“The Northman” Review: Lacking in subtlety, but epic, explosive and endlessly fun

“The Northman,” 2022, directed by Robert Eggers — 4/5 stars

It’s a stroke of incredible luck that “The Northman” was even made. High-budget, R-rated period pieces are becoming increasingly rare; Ridley Scott’s “The Last Duel,” which performed well with critics and was one of the only movies of its kind in recent memory, couldn’t even make a third of its budget at the box office. Giving Robert Eggers $90 million to make a dense, relentlessly gory Viking epic was, to say the least, a risk, and one that hasn’t yet paid off; the film has only made $20 million in the first two weekends. For select moviegoers, though, “The Northman” is a cathartic scream of relief. Seeing skilled artists and actors working with such a large sandbox is an infrequent occasion, and Eggers’ striking flourishes and commitment to the genre fill a long-empty hole that “Gladiator” left in the industry for over two decades. While “The Northman” is far from perfect, leaving some of its larger ideas at the door in place of unabated brutality, it’s an incredible exercise in combining raw history, mythic storytelling and polished filmmaking.

Eggers has an incredible skill for bringing the past to life. He clearly has an affinity for folklore and oral history, with 2015’s “The Witch” constructing a distinct filmic setting that not only understood its origin, but had an earnest belief in the mythos that it drew from. “The Northman” is no different, combining what is clearly a tedious amount of research on real-life Nordic traditions with a beautifully visceral realization of the supernatural environment. This understanding of fables and legends makes for an astoundingly immersive experience, especially when Eggers draws photographically from forefathers like Akira Kurosawa and Terrence Malick. Massive, sweeping skylines dominate the frame, symmetrical structures stand out in high-contrast scenes, and deep earth tones glow under perfectly simulated daylight. This striking imagery feels even more profound when set to the primal, guttural score that feels just as grimy and angry as protagonist Amleth (Alexander Skarsgård), a fallen prince on a quest to avenge his father, King Aurvandil (Ethan Hawke).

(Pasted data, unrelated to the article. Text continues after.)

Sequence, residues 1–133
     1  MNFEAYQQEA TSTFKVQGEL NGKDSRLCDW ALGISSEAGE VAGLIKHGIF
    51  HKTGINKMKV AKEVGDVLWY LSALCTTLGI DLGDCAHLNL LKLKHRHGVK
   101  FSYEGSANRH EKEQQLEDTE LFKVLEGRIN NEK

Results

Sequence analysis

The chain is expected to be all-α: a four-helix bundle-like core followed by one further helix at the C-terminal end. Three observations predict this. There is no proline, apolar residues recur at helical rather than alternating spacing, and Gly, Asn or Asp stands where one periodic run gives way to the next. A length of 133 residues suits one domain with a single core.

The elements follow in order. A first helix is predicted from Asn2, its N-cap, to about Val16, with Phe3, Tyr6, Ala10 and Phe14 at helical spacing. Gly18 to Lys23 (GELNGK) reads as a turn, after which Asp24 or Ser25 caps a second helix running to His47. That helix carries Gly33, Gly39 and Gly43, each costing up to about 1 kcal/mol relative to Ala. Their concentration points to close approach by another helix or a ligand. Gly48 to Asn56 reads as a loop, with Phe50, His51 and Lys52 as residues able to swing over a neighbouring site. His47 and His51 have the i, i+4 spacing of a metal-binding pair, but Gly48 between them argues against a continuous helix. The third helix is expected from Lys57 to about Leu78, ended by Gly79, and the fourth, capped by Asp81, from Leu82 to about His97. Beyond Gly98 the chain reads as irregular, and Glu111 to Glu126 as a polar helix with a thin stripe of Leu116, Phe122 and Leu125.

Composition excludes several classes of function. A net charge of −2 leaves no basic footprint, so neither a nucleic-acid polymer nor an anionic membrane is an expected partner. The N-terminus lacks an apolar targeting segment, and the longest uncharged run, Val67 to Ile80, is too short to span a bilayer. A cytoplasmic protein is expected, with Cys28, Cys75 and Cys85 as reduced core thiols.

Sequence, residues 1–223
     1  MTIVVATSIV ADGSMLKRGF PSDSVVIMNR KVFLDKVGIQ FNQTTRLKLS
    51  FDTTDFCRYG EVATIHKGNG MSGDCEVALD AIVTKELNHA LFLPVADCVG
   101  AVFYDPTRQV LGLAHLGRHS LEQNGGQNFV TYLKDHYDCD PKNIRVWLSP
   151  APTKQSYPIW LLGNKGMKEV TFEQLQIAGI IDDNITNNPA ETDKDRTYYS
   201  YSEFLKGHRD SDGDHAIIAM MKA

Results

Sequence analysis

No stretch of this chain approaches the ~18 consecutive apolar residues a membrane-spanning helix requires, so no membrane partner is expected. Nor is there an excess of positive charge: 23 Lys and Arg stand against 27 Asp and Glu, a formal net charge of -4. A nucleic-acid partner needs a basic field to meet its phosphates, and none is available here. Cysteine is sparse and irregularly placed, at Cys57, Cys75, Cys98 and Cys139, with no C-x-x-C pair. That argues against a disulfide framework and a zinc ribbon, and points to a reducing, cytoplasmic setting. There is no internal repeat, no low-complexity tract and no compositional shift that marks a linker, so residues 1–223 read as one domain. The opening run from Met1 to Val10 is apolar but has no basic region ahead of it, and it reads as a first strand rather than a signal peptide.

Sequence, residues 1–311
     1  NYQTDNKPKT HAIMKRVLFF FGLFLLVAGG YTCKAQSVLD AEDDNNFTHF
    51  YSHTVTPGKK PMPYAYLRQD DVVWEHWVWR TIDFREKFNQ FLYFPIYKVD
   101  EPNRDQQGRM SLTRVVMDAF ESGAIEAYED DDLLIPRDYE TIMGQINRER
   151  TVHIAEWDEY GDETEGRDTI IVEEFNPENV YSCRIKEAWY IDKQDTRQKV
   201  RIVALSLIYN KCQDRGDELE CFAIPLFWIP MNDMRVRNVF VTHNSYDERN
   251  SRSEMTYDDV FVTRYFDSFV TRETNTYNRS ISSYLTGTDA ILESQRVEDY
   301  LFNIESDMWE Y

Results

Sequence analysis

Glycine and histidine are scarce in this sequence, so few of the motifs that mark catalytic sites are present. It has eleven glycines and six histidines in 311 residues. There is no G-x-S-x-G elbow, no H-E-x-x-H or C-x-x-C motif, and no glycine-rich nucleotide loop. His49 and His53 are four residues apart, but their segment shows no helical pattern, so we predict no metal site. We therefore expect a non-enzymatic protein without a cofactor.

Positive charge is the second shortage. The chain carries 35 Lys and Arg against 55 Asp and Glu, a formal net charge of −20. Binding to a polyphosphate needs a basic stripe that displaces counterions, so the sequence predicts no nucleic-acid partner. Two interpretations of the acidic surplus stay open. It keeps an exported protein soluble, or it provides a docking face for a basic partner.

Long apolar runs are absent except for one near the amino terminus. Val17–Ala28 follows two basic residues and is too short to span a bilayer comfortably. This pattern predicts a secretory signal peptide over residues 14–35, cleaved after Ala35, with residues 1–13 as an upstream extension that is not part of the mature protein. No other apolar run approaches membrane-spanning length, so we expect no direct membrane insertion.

As Amleth approaches his goal, slaying his traitorous uncle Fjölnir (Claes Bang) and saving his mother Gudrún (Nicole Kidman), Eggers’ script broaches some fascinating larger-scale ideas, but those quickly become muddled. The film integrates the mythic doctrines of ancient Iceland in a way that feels wholly natural, and doing so brings up some thought-provoking questions about the power of collective belief and the cost of vengeance. By the time Amleth viciously disembowels his fourth enemy, though, viewers looking for a more nuanced approach to more abstract themes will realize that the story isn’t setting out to expound philosophically in any capacity. It’s a perfectly acceptable and undeniably fun approach; the film is compact, self-contained and forthright, but it’s difficult not to feel that it leaves some loose ends that could easily by tied up by a certain recognition of the film’s more contemporary influences and affectations.

A technical triumph on all fronts, from the production design and costuming to the stellar, star-studded cast, “The Northman” is worthwhile for a theatrical outing. It doesn’t always confront its own themes in the way it should, but audiences would be remiss to let it pass by. “The Northman” is in theaters now.